Y: OK, supposing that the example of sorting shoots down the general notion of logic programs as runnable specifications. Is there any way in which logic programming can alleviate the correctness problem?

X: Funny I should be asked, but actually, there is. Not by logic programming primarily, but by logic generally, yes.

Y: Oh? How so?

X: For that we need to go back in the programming literature, to before Colmerauer’s collaboration with Kowalski, namely to Peter Naur’s “snapshots” [5] and Robert Floyd’s “verification conditions” [6]. Floyd considered properties of program fragments expressed as {P}S{Q} (in current notation), where S is the program fragment. The fragment can comprise almost all of a procedure body’s code or as little as a single assignment statement. P is the precondition and Q is the postcondition. These are conditions (also called “assertions”) in the form of a logic formula expressing a relation between values of variables occurring in S.

The meaning of {P}S{Q} is: if P is true at the start of an execution of S and if this execution terminates, then Q holds upon termination. The notation “{P}S{Q}” is the currently used variant of one introduced by C.A.R. Hoare [7]. We call such an expression a “(Hoare) triple”.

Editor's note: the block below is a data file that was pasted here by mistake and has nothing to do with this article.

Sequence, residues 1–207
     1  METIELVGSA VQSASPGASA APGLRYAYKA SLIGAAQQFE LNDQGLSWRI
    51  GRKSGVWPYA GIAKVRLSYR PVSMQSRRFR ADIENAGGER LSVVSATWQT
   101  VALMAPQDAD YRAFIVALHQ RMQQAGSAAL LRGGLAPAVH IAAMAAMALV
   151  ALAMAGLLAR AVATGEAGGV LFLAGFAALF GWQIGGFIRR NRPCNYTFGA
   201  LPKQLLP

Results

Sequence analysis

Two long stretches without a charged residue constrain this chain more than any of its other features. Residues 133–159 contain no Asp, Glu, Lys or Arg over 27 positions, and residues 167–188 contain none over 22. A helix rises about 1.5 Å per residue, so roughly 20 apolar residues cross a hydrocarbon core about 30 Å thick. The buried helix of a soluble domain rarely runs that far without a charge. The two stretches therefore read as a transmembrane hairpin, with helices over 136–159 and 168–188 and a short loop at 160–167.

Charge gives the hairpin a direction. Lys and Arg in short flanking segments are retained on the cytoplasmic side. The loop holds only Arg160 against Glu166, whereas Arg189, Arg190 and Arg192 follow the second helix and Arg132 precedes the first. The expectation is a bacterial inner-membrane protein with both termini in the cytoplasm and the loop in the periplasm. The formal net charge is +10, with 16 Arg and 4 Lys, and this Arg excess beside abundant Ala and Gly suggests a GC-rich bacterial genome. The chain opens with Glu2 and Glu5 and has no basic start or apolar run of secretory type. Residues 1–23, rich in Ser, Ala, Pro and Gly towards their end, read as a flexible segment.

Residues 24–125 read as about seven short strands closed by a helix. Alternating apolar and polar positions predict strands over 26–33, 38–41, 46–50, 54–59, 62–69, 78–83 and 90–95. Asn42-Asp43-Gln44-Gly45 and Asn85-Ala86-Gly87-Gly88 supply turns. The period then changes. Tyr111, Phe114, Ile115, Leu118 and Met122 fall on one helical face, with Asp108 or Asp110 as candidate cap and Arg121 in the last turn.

Floyd showed how to combine statements in logic about program fragments into a statement about the larger program fragment that results from combining the fragments.

Y: I trust it works for the examples given by Naur and Floyd, but do you know any other ones?

X: I know lots of other examples. My current favourite is the clever algorithm (due to Josef Stein [10]) for computing in logarithmic time the gcd (greatest common denominator) of two numbers. Here it is in C:

// Program 1
void s(int x, int y, int& z) {